Tego Calderon has cultivated an image as the deep thinker and top lyricist of the reggaeton movement, a notion supported by his recent trip to Sierra Leone to film a documentary on the diamond mining
Tego Calderon has cultivated an image as the deep thinker and top lyricist of the reggaeton movement, a notion supported by his recent trip to Sierra Leone to film a documentary on the diamond mining business. Calderon returned a changed man, acutely aware of hardship and more determined than ever to lose his trademark bling.
The marketability of that image will be truly measured with this week's release of "El Subestimado/The Underdog." The album, arriving on Calderon's own Jiggiry label via a production and distribution deal with Atlantic, pairs his music with a marketing and promotional infrastructure far greater than has supported his music before.
But Calderon did not deliver exactly what Atlantic bargained for. "El Subestimado" is rich in rhythmic variety, ranging from straight-ahead reggaeton, salsa and Puerto Rican bomba to blues, reggae and funk. It is lyrically enticing and very rarely banal.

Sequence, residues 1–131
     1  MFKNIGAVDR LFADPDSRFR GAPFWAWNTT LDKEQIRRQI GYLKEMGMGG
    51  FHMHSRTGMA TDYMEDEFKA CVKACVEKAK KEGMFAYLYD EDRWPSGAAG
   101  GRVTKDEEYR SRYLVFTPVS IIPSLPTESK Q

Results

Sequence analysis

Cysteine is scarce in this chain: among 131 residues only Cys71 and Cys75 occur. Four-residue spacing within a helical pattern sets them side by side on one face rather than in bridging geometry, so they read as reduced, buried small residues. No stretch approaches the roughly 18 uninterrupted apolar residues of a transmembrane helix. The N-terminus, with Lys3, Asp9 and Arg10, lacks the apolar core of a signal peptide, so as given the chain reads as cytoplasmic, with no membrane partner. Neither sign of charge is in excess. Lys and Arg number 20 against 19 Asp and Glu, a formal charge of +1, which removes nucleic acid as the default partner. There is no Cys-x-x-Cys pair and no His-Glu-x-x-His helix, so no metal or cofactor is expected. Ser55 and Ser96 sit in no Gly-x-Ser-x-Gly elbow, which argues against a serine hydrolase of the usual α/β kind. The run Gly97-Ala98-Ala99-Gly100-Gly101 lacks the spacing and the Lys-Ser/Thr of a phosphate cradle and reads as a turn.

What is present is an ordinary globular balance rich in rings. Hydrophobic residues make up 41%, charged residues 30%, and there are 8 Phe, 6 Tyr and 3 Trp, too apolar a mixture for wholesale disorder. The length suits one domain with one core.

And, save for an occasional chorus, it is entirely in Spanish. "I have a hook in one song where I explain my position with the crossover," says Calderon, who is focused on Latin sounds. "I say, 'No, no, don't mess with the slo mo, you might not understand, but it's hot.' We purposefully had little English. Even though we had pressure from Atlantic to include Anglo artists, it wasn't what I wanted to bring, and they respected that."
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